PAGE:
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According to Do's, Don'ts, and Maybes: Legal Writing Grammar - Part II:

Use the comparative degree to compare two persons or things. Use the superlative degree to compare more than two persons or things.

But what if the number of persons or things is uncertain?

EDIT: One of the concern is whether using the superlative degree implies the number of things to be more than 2. For example, in a contract, A promises to buy some trucks from B in some future date, but the number of trucks depends on some events in the future. B also promises to do add some additional equipments on the heaviest truck. If the contract reads

B shall equip the heaviest truck with a GPS navigator.

Does it imply the number of trucks is more than 2? If so, what can be done to remedy this?

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Rather than trying to devise a rule to automatically follow, one should aim to understand what comparatives and superlatives mean. The comparative is used to identify an ordering of two things on a scale, and has to be interpreted relative to a context that has exactly two things. The superlative applies to any context, whether there is 1, 2 or 200 things to choose from: it does not mean that there have to be be at least 3 candidates, and "most" would be satisfied if there is only a single candidate. What is most important is being clear about that set of candidates, and this is accomplished by carefully specifying the set of possibilities. (Separate attention has to be paid to guaranteeing that there are any candidates, and if you want to specify that at least one truck must be provided, then you should say that, and not leave it to inference that "the heaviest truck" suggests that there should be at least one truck).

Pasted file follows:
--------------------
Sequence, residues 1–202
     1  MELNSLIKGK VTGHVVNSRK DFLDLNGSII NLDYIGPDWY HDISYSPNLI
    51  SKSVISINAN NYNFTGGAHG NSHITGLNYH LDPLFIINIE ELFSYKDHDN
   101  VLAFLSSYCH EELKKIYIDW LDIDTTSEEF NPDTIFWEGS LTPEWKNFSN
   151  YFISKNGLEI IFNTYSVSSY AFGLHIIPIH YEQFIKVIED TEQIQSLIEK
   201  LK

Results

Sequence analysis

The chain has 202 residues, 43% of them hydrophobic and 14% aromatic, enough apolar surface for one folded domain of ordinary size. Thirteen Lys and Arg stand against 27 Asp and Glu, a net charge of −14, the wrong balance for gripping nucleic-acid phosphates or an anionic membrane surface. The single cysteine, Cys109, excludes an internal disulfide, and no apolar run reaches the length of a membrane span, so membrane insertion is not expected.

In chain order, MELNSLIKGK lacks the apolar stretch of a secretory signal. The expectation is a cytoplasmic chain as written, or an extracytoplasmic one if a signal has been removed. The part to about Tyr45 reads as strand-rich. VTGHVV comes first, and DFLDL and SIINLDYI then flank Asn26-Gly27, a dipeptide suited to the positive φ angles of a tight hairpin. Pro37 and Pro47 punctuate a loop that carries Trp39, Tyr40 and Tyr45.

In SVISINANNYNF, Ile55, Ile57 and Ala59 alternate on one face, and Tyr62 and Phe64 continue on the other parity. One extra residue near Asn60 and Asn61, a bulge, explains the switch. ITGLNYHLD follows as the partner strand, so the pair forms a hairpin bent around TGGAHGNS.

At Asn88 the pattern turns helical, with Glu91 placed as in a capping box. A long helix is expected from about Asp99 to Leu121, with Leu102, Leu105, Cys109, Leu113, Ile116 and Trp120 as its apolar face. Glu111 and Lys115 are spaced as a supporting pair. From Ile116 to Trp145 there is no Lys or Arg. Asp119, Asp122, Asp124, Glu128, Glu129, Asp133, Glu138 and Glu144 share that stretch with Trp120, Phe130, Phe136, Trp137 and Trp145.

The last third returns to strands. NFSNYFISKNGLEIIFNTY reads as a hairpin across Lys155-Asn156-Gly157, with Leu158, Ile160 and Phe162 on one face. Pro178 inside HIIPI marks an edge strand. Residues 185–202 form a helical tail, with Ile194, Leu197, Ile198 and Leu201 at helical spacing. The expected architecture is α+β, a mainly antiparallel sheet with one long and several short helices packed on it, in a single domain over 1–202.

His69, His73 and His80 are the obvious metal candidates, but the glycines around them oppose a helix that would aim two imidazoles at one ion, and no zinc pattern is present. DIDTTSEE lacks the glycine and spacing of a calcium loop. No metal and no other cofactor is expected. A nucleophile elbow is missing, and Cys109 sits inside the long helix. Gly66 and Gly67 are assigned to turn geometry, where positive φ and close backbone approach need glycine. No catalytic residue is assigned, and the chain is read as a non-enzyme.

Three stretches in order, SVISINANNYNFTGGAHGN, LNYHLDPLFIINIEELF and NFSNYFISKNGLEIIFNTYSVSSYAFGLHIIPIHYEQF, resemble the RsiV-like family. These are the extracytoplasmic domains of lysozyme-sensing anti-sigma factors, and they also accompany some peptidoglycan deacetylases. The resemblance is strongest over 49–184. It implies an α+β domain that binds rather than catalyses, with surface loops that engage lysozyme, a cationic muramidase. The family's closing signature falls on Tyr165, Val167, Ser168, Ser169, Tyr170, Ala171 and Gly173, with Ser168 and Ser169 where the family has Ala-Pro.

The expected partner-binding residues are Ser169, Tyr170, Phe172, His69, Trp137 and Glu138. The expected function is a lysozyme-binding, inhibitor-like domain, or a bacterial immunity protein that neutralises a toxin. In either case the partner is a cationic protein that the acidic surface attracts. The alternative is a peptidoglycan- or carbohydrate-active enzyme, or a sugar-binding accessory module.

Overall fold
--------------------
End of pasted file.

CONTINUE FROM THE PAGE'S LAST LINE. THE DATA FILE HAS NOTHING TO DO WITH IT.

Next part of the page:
Assume a contract where A transports goods from Paris to Rome, with an unknown number of routes that lead to Rome. The intent is to require taking the shortest route, since the customer pays by the mile.

  1. A shall transport goods by the shorter route from Paris to Rome

  2. A shall transport goods by the shortest route from Paris to Rome

These clauses fail to specify a pool of routes to consider. Clause 2 implicitly says "out of all of the possible routes, pick the shortest", the main problem being that this is air transport (saving hundreds of miles compared to surface roads). This can be remedied by specifying a type of route (e.g. "via E-grade highways"). Once you've narrowed it down that way, it does not matter if there is only 1 such route, 2 of them, or 12 routes: A must pick the shortest. Clause 1 is open to the ludicrous interpretation that the route cannot be the longest possible route. The route via Hammerfest, Irkutsk, Phnom Penh, Madras, Capetown and Athens is shorter, compared to Hammerfest, Phnom Penh, Irkutsk, Athens, Capetown and Madras (in that order). Saying that the route must be "shorter than some other thing" is not what you want: you want "shorter than all other things".

A comparative (with an indefinite article) can be sensible when the set of possibilities is already constrained, if you are stating an "exception" to a more general rule. If the set of routes is already limited to those which employ E-system highways for at least 75% of the distance, then you can "exceptionally" allow selecting a longer route: "A may take a longer route if that route reduces toll costs by at least 10%". This, incidentally, allows A to select a route via Irkutsk, if that reduces tolls, so you still need a superlative to select which of those longer routes may be taken.

In other words, there is little reason to use a comparative, no reason to follow such a rule on word use, and every reason to pay attention to how the interpretation of clauses is affected by context.

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  • One thing I'm concerned with is that the superlative degree may imply 3 or more things. Please see my edit. Thanks! – xuhdev Feb 23 '17 at 19:18
  • @xuhdev if the number of things is indeterminate, then one should use the superlative. This is similar to the traditional rule (now falling out of use) that one should use the masculine gender when writing about a person of unknown sex. If you say "heaviest truck," it implies that the number is either unknown or known not to be two. In fact, "heaviest truck" has a reasonable interpretation even if there's only one truck. – phoog Feb 23 '17 at 20:18

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